An escape, a birth and a beginning: Afghan interpreter Sardar determined to save family
Sardar’s family is safe now in Canada thanks to VTN donors, but their journey to get here was fraught with danger and despair.
“For the donors, it was probably a small thing for them to donate, but it was a big thing for us. It was the donors’ help and the donors’ effort that we made it to Canada and our kids are going to school. My kids have a safe life here and a successful life in Canada. Everything is possible for them here. There are a lot of opportunities for them. The donors didn’t only save one life, they saved a family’s life. They saved our lives. They helped us economically, and mentally, also – they supported us and gave us encouragement when we were in Afghanistan. Thanks for the donors!”
Sardar served with Canadian troops in Kandahar from 2010-2012
Six months ago…
Sardar was desperate for answers from IRCC when he fled Afghanistan. Leaving his pregnant wife and three kids in search of safety, pleas for his family’s evacuation went unanswered until he connected with the VTN.
When the Taliban took over Afghanistan, Sardar’s wife was 7 months pregnant. His entire family was at risk due to Sardar’s work as an interpreter with the Canadian Armed Forces. He had spent two years on the front lines with the Canadian military in Kandahar through various missions. “We, the interpreters, were the eyes and ears of the Canadian Forces.”
Amidst the chaos and in fear of Taliban reprisals, Sardar travelled to Kabul airport in August 2021 to find out more information on how to evacuate. He was unable to reach anyone for instructions. He later returned with his pregnant wife and three young kids with all the necessary documents hoping to board a plane. Passing through three Taliban checkpoints en route to the airport, he and his wife were beaten by the Taliban when they discovered documents linking Sardar to the Canadian Forces. Again, Sardar returned home feeling discouraged.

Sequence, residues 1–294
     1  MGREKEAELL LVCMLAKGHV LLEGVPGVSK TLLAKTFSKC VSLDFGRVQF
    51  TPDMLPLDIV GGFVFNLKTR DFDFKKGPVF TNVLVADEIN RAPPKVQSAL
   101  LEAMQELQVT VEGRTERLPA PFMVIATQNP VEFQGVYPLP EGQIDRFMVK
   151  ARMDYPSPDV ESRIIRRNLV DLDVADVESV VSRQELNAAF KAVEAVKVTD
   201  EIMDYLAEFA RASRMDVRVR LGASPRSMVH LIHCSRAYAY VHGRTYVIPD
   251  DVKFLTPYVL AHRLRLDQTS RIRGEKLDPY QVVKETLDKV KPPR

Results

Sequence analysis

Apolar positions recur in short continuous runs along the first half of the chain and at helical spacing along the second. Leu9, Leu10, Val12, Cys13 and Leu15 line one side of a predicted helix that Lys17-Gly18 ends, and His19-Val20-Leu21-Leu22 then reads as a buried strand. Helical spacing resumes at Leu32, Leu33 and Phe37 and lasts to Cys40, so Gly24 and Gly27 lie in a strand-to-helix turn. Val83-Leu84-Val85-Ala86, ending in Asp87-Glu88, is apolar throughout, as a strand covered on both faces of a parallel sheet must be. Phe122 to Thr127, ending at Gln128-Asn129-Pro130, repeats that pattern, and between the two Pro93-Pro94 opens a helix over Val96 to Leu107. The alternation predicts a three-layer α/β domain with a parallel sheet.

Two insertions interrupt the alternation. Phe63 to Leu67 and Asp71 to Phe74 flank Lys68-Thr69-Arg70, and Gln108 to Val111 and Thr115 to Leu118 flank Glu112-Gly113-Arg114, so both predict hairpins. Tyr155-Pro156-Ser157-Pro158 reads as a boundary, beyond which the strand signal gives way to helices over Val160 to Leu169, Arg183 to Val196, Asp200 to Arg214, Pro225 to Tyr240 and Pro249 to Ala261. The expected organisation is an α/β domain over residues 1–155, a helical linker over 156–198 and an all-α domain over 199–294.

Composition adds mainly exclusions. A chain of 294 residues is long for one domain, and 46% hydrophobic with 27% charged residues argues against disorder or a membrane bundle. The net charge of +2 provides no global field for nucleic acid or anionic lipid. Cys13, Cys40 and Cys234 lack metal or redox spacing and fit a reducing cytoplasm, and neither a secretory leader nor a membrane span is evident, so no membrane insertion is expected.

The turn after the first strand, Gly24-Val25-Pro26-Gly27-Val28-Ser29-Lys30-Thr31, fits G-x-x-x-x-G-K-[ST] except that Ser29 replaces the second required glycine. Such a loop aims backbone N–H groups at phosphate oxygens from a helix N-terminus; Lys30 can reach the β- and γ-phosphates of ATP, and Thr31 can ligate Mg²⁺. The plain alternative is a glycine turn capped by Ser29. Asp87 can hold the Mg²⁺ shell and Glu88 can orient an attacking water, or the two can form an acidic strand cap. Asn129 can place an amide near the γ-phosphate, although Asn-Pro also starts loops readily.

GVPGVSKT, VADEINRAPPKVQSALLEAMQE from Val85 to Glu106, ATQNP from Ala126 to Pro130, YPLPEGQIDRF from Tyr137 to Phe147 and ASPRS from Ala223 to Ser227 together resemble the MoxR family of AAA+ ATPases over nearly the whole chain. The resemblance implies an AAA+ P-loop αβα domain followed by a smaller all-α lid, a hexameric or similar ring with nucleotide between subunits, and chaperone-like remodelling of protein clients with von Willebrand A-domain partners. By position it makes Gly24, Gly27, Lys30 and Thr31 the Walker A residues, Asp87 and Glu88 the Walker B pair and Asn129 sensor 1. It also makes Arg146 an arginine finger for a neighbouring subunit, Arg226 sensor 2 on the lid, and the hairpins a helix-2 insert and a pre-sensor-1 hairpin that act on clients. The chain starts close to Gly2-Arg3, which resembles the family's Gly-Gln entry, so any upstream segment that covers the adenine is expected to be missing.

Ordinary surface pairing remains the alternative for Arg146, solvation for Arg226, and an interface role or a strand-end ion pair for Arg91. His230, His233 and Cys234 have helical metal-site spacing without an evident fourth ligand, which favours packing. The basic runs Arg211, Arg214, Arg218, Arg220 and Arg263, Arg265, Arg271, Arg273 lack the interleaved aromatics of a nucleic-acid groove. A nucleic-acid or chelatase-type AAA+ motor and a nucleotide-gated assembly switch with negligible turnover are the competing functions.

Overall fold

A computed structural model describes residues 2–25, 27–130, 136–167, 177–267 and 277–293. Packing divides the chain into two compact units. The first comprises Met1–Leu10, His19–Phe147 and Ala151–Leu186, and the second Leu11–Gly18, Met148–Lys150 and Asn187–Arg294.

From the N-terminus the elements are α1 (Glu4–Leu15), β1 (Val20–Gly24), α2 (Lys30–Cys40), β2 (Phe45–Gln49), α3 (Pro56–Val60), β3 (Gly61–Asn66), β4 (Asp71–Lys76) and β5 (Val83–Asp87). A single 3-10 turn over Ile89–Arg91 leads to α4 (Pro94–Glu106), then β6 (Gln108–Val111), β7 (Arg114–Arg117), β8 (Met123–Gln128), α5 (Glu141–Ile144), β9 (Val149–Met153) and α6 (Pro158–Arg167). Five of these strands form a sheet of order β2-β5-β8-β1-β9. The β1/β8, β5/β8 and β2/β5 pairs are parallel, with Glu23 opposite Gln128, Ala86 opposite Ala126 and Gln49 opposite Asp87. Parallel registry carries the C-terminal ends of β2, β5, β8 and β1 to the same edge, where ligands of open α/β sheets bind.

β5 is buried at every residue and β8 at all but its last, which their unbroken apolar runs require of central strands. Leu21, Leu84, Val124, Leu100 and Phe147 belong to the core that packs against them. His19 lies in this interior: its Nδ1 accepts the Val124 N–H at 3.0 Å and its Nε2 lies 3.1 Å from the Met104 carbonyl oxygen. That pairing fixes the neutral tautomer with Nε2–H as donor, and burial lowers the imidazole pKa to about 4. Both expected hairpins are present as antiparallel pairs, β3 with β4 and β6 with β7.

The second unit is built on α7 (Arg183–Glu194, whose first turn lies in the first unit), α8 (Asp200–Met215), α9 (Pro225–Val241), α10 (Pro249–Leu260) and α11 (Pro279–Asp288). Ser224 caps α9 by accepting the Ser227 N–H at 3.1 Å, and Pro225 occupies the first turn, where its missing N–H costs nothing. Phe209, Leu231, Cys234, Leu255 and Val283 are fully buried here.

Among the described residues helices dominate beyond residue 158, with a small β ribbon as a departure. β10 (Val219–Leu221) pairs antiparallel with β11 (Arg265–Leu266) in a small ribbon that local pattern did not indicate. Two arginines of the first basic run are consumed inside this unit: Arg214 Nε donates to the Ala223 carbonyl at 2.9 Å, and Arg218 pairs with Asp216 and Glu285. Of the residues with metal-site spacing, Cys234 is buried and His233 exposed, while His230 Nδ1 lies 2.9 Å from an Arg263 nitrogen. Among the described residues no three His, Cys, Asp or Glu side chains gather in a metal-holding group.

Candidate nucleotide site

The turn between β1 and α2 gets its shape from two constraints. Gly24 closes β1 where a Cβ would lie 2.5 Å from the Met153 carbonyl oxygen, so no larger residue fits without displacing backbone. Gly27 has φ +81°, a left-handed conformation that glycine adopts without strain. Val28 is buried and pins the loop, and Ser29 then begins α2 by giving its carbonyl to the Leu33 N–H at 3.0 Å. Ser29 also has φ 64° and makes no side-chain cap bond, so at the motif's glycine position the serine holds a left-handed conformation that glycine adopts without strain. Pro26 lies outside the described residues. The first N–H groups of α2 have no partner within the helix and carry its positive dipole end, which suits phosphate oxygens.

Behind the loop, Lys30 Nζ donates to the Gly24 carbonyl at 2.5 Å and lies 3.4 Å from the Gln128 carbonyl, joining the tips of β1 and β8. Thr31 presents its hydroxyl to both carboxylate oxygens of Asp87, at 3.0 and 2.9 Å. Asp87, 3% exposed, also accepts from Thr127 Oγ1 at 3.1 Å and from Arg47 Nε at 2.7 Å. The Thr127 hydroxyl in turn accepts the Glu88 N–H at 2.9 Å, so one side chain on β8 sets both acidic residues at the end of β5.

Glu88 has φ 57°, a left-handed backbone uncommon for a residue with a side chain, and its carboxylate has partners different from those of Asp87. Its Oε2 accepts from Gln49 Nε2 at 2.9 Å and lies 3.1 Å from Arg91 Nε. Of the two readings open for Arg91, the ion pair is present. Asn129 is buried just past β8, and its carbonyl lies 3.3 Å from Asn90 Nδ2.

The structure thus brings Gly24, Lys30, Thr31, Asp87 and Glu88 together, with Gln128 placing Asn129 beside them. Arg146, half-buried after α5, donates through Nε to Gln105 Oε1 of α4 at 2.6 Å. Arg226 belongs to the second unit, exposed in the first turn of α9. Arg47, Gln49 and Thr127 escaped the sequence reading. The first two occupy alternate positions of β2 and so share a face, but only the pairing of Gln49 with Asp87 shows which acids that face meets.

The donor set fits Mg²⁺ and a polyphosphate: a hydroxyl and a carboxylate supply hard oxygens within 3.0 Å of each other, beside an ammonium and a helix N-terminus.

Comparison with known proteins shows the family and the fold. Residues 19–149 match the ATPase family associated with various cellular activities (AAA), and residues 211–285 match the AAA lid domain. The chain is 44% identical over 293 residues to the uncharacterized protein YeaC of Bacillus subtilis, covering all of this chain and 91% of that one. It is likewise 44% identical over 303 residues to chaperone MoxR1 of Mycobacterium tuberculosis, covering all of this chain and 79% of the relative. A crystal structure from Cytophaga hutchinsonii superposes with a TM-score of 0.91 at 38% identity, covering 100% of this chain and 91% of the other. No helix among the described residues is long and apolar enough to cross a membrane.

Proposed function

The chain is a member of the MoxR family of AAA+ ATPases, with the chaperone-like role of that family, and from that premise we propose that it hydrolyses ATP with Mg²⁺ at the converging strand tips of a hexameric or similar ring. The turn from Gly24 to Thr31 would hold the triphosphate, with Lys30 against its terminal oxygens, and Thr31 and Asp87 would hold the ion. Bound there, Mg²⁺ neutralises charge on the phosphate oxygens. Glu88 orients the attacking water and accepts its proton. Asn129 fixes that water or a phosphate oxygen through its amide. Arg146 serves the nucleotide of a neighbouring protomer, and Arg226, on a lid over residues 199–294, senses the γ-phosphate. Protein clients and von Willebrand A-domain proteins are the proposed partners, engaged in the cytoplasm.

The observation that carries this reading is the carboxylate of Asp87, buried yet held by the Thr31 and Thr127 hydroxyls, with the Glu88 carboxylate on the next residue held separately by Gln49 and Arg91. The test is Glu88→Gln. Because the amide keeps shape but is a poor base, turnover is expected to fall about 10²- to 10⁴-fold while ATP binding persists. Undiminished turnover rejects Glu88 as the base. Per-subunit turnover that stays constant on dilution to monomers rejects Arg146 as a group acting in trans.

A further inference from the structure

He made one final journey alone to Kandahar by bus and taxi. With nowhere to stay, he slept on the streets in Kandahar while searching for a way out. He finally escaped to Pakistan via the Spin Boldak border with a truck driver. Once in Islamabad, he immediately began the process of getting his family out. Around this time, his wife admitted herself to the hospital in Afghanistan with labour pains. Frustrated at the lack of support from the IRCC, he heard of VTN’s work on evacuation assistance and reached out to our team.
Sardar escaped by land to Islamabad, Pakistan. “When I made it Islamabad but had no place to stay in. But then, VTN team reached out to me.”
“The VTN did everything to reunite me with my family in Islamabad. They were the heroes behind the scene. We couldn’t see their faces, but they were savings angels. They were doing a lot for Afghan refugees.”
VTN assisted Sardar with the paperwork his wife and children required, and helped transport them from the Afghan hospital to Pakistan. They also arranged a house in Islamabad for the family and worked with them to complete paperwork for Canadian immigration.
Four days after arriving in Islamabad, Sardar’s wife went into labour.
Sardar reunited with his children in Islamabad with their mother safe in hospital. “It was a happiest day of our life.”
“I had no money or knowledge of the hospitals in Pakistan. I had 3 other kids to look after while my wife was in labour. My wife couldn’t speak their language so I had to be there to translate while also taking care of my other 3 kids. I was in the hospital for 24 hours and couldn’t sleep or eat. I was exhausted mentally and physically.”
On September 27, 2021, they welcomed a baby girl, Tamanna Shinwari.
VTN continued to assist Sardar’s family with their paperwork and on October 15, 2022, Sardar, his wife, and their four children boarded a plane bound for Canada.
“When we arrived in Canada, we had a sigh of relief.”
When Sardar and his family arrived at the Toronto Airport.
They are currently in Ottawa where Sardar’s Canadian military friends are located. His two older kids are attending an English/French immersion school.
Sardar and his children with Canadian Veteran Dave Morrow, who worked with Sardar and advocated for him to come to Canada.
The first day of school for Fatima (9) and Suratwali (7). “Such a happy day for all of us.”
Sardar’s daughter Tamanna today.
“I am very happy for my daughters, in particular, because if they weren’t in Afghanistan, they wouldn’t be able to go to school. Now they can be nurses, engineers, doctors… they can be whatever they want to be.”
As Sardar begins to build a life in Canada, he is working at a burger joint and is determined to give his family the best life possible.